International sport resumed play this month, altered by COVID-19 and the Black Lives Matter movement.
An empty stadium and a show of support for the Black Lives Matter movement revealed how much the sporting world has been changed by the COVID-19 pandemic and the crusade for racial justice when international sport resumed in England this month.
Suspended in March due to the coronavirus pandemic, international cricket competition resumed earlier this month with a series of all-day matches between England and the West Indies.
Because of COVID-19, the first of three “test matches” in the bat-and-ball game that originated in England opened in an empty stadium in southern England. No spectators were present at a site that was chosen because it has a hotel on the premises to house the players, officials, support staff and media.
The test matches between the two national teams, still underway at writing, have revealed how both the virus and the rejuvenated movement for racial justice for Blacks have transformed the world and sport in a matter of months.
Before the start of the first match, players on both teams fell to one knee, repeating a gesture made famous in 2016 by Colin Kaepernick, a former player with the San Francisco 49ers professional football team, to protest against U.S. police violence against Blacks.
Black Lives Matter movement reaches cricket.
The death of George Floyd, a Black American, in May after a white policemen knelt on his neck for nearly nine minutes has revived Black Lives Matter protests against incidents of police brutality and racially motivated violence against African-Americans.
The movement that started in the United States has now reached the rarefied world of cricket, which is dominated by players from the British Commonwealth and its 54 member states.
Before the first match, a Black Lives Matter banner hung from the building housing the West Indies team. During the protest before the match, the West Indians bowed their heads and raised right fists enclosed in black gloves.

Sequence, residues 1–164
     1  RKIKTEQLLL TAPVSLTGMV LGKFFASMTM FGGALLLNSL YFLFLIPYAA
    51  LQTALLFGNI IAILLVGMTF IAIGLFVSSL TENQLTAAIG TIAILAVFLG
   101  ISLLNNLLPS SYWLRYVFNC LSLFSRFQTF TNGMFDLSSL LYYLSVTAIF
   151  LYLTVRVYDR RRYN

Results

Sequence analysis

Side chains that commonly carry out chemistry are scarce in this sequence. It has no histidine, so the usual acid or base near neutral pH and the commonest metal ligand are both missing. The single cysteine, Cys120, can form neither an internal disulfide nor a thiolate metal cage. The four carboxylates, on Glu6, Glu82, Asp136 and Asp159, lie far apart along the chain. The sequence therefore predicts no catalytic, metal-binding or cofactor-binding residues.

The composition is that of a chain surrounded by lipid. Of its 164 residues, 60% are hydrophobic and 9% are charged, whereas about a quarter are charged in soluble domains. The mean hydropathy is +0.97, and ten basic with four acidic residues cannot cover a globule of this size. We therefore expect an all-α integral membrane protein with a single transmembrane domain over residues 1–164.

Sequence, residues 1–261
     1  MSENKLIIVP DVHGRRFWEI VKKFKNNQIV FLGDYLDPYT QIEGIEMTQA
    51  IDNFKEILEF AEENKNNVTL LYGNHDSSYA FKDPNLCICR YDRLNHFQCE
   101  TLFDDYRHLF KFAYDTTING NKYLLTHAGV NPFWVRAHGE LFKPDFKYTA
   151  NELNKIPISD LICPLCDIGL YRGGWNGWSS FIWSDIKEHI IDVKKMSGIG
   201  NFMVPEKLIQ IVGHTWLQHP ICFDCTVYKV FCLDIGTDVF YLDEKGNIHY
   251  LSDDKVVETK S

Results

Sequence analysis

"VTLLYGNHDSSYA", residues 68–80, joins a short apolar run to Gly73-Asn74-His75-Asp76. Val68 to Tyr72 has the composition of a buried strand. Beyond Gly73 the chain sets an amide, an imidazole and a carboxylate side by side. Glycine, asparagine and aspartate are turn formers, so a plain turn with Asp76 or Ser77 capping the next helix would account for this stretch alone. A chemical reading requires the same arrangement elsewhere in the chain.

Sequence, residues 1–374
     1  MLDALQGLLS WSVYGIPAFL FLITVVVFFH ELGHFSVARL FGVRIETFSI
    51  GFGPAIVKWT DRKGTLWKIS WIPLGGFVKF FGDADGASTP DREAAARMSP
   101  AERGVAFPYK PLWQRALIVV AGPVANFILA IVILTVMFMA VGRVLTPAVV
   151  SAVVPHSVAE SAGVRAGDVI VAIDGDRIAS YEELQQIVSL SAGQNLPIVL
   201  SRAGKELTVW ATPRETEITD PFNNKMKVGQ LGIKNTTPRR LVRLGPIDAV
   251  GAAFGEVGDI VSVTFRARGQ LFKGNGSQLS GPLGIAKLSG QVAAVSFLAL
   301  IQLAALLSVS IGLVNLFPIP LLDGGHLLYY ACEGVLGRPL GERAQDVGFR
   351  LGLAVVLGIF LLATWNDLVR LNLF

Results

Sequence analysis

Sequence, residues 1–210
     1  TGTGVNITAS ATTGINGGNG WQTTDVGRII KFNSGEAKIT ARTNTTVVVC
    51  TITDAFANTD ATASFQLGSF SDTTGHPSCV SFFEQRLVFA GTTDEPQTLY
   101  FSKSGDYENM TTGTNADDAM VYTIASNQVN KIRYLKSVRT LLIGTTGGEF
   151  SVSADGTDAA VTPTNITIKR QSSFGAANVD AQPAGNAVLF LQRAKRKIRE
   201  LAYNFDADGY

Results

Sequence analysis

Although team management deflected questions about the origins of the gestures, the symbolism was clear. West Indies were replicating the iconic photograph of Black Americans Tommie Smith and John Carlos bowing their heads and giving a black power salute during the medals’ ceremony after the men’s 200 metres final at the 1968 Mexico City Olympics.
While waiting for a pre-game drizzle to clear, Jamaican television commentator and former West Indies’ fast bowler Michael Holding seized the opportunity to give an impassioned, extempore speech on the evils of racism.
“I remember my school days,” said Holding, fighting back tears. “I was never taught anything good about Black people. History is written by the conqueror, not by those that are conquered. History’s written by the people who do the harm, not by the people who get harmed.
“They keep on telling me there is nothing called white privilege. Give me a break. I don’t see any white people going into a store and being followed. A Black person walks in, someone is following him everywhere he goes. That is basic white privilege.”
COVID-19 infraction triggers racial abuse.
A documentary shown on the opening day from broadcaster Sky Sports featured Holding and English commentator Ebony Rainford-Brent, the first black woman to represent her country. Rainford-Brent was in tears as she described a painful transition from her upbringing in multi-cultural London into the cricket world.
“I had comments about where I grew up and how the fact I had a long name meant maybe my mum didn’t know who my dad was. About the food that I ate and that it stank. I have been in team environments with people constantly referring to ‘your lot.’ The constant drip-drip was tough.”
Similar to baseball, cricket is a bat-and-ball sport in which a batter attempts to score runs by striking a hard ball delivered by a pitcher, or bowler. But in cricket, batsmen can theoretically bat forever if they successfully repulse all the bowlers, and the matches end in a draw if the batsmen are not all dismissed.
West Indies won the first match in the series, but the headlines were soon to feature England’s Barbados-born fast bowler Jofra Archer, who was dropped for the second test after breaching team regulations. Instead of driving directly to Manchester, the site of the second test, Archer visited his flat on the way.
After he was suspended for breaking COVID-19 rules, Archer says he was subjected to racial abuse on social media. Last year, he was abused verbally at a match in New Zealand by a man who has been banned from attending international and domestic matches for two years.
The players may be united in their opposition to racism in sport. Too many of their supporters are not.
John Mehaffey has worked for four decades as a journalist in New Zealand, Australia and Britain, including 33 on the Reuters Sports Desk covering seven summer Olympics plus World Cups and world championships in athletics, soccer, cricket, rugby, amateur boxing and gymnastics. He wrote extensively on sports news including drugs in sport, the readmission of South Africa to international sport and corruption in cricket. He was appointed Chief Sports Reporter in 2001.